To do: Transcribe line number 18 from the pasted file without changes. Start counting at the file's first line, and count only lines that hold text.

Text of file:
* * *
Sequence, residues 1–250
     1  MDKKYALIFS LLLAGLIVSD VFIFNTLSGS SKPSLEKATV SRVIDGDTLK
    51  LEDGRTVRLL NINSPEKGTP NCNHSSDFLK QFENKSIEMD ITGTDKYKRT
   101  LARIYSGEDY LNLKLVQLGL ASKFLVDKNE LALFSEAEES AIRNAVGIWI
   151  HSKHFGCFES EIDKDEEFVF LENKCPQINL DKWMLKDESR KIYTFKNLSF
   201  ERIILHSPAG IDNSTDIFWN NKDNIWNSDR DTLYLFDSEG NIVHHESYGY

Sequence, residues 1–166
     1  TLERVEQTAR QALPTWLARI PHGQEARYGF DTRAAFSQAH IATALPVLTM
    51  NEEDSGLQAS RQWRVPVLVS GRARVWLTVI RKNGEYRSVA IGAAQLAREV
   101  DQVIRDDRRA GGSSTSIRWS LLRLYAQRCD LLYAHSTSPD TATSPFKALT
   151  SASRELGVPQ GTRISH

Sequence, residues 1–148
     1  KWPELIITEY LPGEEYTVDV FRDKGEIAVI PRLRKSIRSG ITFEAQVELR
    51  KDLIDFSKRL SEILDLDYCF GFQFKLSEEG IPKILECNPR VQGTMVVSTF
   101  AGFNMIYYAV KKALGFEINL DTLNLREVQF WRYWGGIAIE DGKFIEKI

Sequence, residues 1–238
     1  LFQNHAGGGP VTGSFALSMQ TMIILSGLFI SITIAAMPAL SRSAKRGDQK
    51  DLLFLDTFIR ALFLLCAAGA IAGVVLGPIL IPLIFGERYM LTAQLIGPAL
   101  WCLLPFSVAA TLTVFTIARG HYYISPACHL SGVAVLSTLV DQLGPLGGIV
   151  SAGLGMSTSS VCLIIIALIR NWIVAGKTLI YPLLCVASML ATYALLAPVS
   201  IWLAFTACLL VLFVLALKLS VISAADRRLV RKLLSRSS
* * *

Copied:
    51  DLLFLDTFIR ALFLLCAAGA IAGVVLGPIL IPLIFGERYM LTAQLIGPAL